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Blount Report: Affairs in Hawaii

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in favor of the original claim of the British Government to the enjoy- 
ment of privileges equal to those granted the United States. The con- 
troversy led to a change of ministry, and finally to an admission by the 
King's minister of the claim of this Government to exclusive privileges, 
and a pledge to hold the treaty, so interpreted, inviolate. This episode 
involved an "annexation scare" as against the United States, touch- 
ing which Mr. Evarts thus instructed our minister, Mr. Comly, August 
6, 1878:
You will endeavor to disabuse the minds of those who impute to the United States 
any idea of further projects beyond the present treaty. (Appendix.)
From time to time during the ensuing three years questions of inter- 
pretation of articles on the schedule and of the customs provisions of 
the treaty, and some involving attempted or apprehended frauds arose, 
several of them complicated by claims of Great Britain under the stipu- 
lations of the Anglo-Hawaiian treaty of 1852, and by the influence of 
British residents. All these questions were, however, satisfactorily 
determined without resort to any other mode of arrangement than, the 
usual diplomatic method, by notes. A domestic scandal, involving al- 
most the entire Government, followed, resulting in rapid changes of 
ministers and a hasty request for the recall of foreign representatives, 
including Mr. Comly. This request was, however, itself recalled 
promptly after the last change of cabinet on account of this particular 
crisis, and a more agreeable state of affairs brought about. The details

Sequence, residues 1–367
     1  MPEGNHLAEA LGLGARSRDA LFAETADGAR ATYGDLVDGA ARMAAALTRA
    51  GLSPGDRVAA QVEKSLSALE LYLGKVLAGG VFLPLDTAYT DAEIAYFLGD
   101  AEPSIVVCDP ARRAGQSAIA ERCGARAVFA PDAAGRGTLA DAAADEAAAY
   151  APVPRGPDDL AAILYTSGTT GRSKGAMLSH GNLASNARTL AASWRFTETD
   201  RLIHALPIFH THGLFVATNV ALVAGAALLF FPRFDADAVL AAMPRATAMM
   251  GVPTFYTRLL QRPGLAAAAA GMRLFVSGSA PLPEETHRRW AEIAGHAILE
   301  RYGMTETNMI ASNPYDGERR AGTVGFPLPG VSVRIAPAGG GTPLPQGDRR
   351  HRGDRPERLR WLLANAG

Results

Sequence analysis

of these incidents are, however, hardly worthy of any notice, as they 
serve chiefly to establish the disreputable character of certain of the 
King's advisers at the time, to verify charges of general corruption in 
the legislature, and point to influences at work against an extension of 
our reciprocity treaty.*
The same year the good offices of this Government were solicited by 
the Hawaiian Evangelical Association, in the suppression of the liquor 
traffic, by the enforcement of Chief Lebon's ordinance in the Ralik Is- 
lands. Mr. Evarts, on November 13, 1880, instructed Mr. Comly, and 
Mr. Dawson, the United States consul at Apia, also, to make efforts to 
secure some suitable person to act as consular agent of this Govern- 
ment in the Raliks. (Appendix.)
The good offices of this Government were enlisted also in the nego- 
tiation of a treaty between Hawaii and Japan, and its approval of such 
a convention sought by the king's minister for foreign affairs.
In June, 1881, Mr. Comly reported the persistent effort of Great 
Britain to derive benefit or advantage from the parity clause of the 
Anglo-Hawaiian treaty of 1852, through the reciprocity treaty with the 
United States, by way of pushing claims based upon that clause pend- 
ing its termination by notification. He wrote:
I do not propose to trouble the Secretary of State with a repetition of my arguments 
intended to show the inadmissible character of this claim, and showing also that in 
1855, when a reciprocal treaty with the United States was pending, the then British 
Commissioner here (Gen. Miller), acting under direct instructions from Lord 
Clarendon, literally "gave away" the whole case as to this present claim. He says: 
"Great Britain can not, as a matter of right, claim the same advantages for her trade, 
under the strict letter of the treaty of 1852." (Quoted more at length and in his own 
words in my dispatch No. 13.)
For the convenience of the Secretary of State I present a brief itinerary of the 
progress of this claim up to date, as I understand it:
1. Immediately after the reciprocity treaty went into effect, Maj. Wodehouse, the 
British Commissioner, peremptorily notified the Hawaiian Government that "Her 
Majesty's Government can not allow of" any discrimination against British products
*See Mr. Comly's 113, 121, and 122; and Mr. Evart's 76 and 78.

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